Feature Friday February 24, 2023

24 Feb

Then and now photos featuring Iron Range Hill west of Thunder Bay, ON. In the first photo, a 2-6-0 Mogul of the Canadian Northern Railway (either 107 or 108), is stuck in the snow on the hill sometime in late 1915 or early 1916. The railway was built as the Port Arthur, Duluth and Western in 1893, but at the time was known as the Canadian Northern Railway North Lake Subdivision.

Iron Range Hill, located between Mileposts 59 and 60.5, was the steepest grade on the line at nearly 2 percent. It can be found southwest of Thunder Bay between Sandstone Lake (known as Sand Lake at the time) and Iron Range Lake. Brakeman Jack Lalonde leans against the stack, while passenger J.T. Greer is the middle of the three men standing beside the boiler. Greer is headed to the station at North Lake (MP 71), from where he will proceed to his logging operation further west on the lake.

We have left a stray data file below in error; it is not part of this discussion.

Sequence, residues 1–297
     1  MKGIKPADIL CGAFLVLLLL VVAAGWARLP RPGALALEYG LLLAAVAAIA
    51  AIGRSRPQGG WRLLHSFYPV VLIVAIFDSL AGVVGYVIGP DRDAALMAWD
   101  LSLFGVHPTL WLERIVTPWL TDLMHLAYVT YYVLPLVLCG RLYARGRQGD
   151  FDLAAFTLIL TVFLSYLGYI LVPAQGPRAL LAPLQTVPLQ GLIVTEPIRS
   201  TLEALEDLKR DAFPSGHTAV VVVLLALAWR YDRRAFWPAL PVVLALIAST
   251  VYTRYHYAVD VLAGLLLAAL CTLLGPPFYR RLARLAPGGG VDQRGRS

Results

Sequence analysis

Today the hill is much quieter (photo taken March 2020). The North Lake Subdivision eventually became part of the Canadian National Railways network and in 1923 this section of line (Mackies to North Lake) was take out of service. The rest of the subdivision was abandoned by CNR in October 1938 and the rails pulled up in 1939.

Picture courtesy of Mary Wilson.

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Posted by on February 24, 2023 in History, Railway


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